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Best Actor Talk: Past Winners, Nominees, and Snubs

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    Stank83
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    #1203906964

    Agree, Cape Fear was DeNiro’s last true committed “method” performance.

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    wolfali
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    #1203911311

    Jamie Bell should have won the Oscar for Billy Elliot.

    FYC Emmys: "The Crown" in all categories, "I May Destroy You" in all categories, "It's a Sin" in all categories, "Small Axe" in all categories, Billie Piper ("I Hate Suzie"), Yvonne Strahovski ("Stateless") and Ruth Wilson ("His Dark Materials")

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    braydenfitzsimmons
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    #1204162880

    Tarantino is right. The Intern is de Niro’s best performance and I can’t believe he didn’t even make it to the Globes.

    Emmys FYC | Alan Tudyk in “Resident Alien” | Jennifer C. Holmes in “This Is Us” | Ego Nwodim in “Saturday Night Live” | Kaley Cuoco in “Harley Quinn” | “Dickinson” | “P-Valley” | “Pose” | “Superstore”

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    linecelts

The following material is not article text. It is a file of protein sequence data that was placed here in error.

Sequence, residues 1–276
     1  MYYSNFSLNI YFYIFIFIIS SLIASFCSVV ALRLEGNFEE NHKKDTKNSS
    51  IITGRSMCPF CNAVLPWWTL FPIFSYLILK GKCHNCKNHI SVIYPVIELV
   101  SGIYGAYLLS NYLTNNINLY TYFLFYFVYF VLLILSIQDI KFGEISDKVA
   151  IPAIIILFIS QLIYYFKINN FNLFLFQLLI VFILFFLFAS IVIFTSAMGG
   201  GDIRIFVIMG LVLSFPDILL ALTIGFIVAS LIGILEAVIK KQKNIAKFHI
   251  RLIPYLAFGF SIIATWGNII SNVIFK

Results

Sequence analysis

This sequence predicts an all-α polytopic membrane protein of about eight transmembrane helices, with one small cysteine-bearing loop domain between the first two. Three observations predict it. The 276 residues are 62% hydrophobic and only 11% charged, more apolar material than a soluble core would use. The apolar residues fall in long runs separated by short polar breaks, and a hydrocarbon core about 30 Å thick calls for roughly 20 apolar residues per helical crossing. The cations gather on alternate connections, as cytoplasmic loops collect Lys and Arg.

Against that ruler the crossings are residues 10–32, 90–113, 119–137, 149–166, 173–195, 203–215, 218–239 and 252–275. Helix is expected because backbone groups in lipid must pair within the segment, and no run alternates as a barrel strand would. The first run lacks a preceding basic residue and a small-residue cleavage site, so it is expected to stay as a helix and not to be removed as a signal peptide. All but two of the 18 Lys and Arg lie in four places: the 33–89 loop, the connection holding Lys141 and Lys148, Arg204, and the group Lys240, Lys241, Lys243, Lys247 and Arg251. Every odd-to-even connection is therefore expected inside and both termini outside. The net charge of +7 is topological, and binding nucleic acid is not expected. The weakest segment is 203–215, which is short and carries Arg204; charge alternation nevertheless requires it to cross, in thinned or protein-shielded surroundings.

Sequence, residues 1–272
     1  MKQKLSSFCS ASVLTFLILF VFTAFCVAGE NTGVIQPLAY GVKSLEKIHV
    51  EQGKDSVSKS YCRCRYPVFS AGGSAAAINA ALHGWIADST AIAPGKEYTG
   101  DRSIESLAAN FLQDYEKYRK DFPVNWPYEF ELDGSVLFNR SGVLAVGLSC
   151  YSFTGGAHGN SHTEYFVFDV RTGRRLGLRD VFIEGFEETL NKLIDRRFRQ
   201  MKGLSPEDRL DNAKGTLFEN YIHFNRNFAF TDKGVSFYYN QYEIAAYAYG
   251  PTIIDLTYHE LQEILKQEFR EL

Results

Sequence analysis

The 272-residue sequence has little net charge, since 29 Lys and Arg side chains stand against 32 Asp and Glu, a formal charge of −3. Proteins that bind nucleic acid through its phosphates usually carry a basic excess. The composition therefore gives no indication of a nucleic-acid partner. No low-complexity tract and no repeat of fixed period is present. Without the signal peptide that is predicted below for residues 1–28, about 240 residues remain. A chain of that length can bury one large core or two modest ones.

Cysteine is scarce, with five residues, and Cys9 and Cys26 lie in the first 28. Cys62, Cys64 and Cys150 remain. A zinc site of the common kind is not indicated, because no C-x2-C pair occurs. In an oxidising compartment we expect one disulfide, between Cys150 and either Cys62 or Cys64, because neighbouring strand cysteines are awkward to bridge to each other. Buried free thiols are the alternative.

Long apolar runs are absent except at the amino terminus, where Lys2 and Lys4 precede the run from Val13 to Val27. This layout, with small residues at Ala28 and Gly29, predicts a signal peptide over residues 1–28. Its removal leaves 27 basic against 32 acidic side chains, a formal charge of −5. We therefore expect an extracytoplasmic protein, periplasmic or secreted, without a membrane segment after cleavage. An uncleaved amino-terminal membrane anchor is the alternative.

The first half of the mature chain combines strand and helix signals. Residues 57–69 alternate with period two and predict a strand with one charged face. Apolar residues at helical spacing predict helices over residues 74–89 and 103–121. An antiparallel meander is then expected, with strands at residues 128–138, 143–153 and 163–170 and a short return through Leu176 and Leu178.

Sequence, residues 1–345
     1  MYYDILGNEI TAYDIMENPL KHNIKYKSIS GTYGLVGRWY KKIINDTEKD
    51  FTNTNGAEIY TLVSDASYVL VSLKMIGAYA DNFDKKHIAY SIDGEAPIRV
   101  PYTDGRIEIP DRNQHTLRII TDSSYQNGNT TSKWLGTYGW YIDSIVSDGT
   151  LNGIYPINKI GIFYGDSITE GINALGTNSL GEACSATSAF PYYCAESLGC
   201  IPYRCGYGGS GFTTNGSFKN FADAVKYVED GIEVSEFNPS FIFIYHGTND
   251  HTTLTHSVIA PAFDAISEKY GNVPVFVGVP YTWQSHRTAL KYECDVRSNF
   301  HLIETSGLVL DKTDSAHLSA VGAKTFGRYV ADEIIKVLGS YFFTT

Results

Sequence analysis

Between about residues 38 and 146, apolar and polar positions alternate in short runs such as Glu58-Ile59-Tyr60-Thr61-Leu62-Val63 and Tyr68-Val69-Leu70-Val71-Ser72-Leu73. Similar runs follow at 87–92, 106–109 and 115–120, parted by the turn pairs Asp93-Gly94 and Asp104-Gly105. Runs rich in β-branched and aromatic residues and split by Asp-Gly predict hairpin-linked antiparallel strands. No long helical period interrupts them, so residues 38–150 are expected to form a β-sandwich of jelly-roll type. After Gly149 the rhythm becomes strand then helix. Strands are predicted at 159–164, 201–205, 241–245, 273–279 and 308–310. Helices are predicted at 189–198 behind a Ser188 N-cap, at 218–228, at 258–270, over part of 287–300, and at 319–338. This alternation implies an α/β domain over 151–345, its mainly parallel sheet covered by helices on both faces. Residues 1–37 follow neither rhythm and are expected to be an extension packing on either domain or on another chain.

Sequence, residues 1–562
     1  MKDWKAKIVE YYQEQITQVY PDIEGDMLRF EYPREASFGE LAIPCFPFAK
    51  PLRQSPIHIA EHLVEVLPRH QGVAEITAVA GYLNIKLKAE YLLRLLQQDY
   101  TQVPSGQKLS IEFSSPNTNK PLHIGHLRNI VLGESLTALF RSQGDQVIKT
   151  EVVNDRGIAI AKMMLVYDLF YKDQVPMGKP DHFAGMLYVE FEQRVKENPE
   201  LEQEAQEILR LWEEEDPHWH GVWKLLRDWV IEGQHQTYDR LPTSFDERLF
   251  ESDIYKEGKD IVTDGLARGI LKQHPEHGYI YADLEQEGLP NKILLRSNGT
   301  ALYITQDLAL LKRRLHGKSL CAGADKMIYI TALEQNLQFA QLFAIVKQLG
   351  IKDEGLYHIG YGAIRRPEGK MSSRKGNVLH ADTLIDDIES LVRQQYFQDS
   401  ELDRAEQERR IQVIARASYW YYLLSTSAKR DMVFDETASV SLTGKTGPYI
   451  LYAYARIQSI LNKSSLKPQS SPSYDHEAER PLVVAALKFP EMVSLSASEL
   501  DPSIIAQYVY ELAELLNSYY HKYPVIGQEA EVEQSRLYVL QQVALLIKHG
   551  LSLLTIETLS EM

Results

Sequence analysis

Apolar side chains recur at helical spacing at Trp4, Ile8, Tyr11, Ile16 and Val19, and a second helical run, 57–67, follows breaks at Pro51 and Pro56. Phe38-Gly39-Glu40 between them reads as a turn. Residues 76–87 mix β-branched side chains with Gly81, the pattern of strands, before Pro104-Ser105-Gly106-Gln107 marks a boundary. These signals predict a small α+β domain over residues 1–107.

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    #1204162960

    Ethan Hawke for First Reformed

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    jez89
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    #1204162996

    Two recurring themes on here that I agree with:

    (1) Egerton was a horrible horrible snub

    (2) Gylenhaal was certainly been under rewarded in terms of nominations, if not wins.

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    iWantTheGold
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    #1204164217

    He was robbed

    Lerman

    Lerman, Miller, and Watson were ALL robbed of nominations. Miller, in particular, gave one of my favorite performances of the past decade, and Watson is just heartbreaking, she would’ve had a real shot had she been nominated.

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    iWantTheGold
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    #1204164451

    Where do I begin!?!

    There’s a lot of winners I would change, historically speaking (too many to list, honestly). One observation looking at the lists of nominees is that great actors typically do receive statuettes, but it’s almost always for the wrong performance.

    Here are a couple of nominees that stand out to me as being snubbed:

    Bill Murray – Lost in Translation

    Sean Penn is nothing special in Mystic River, it was a classic “career achievement” award, and in retrospect a huge mistake considering he won for a much more worthy (albeit a rather baity) performance just a few years later. [It should be noted that Johnny Depp would’ve been a spectacular populist pick, as well]

    Peter Fonda – Ulee’s Gold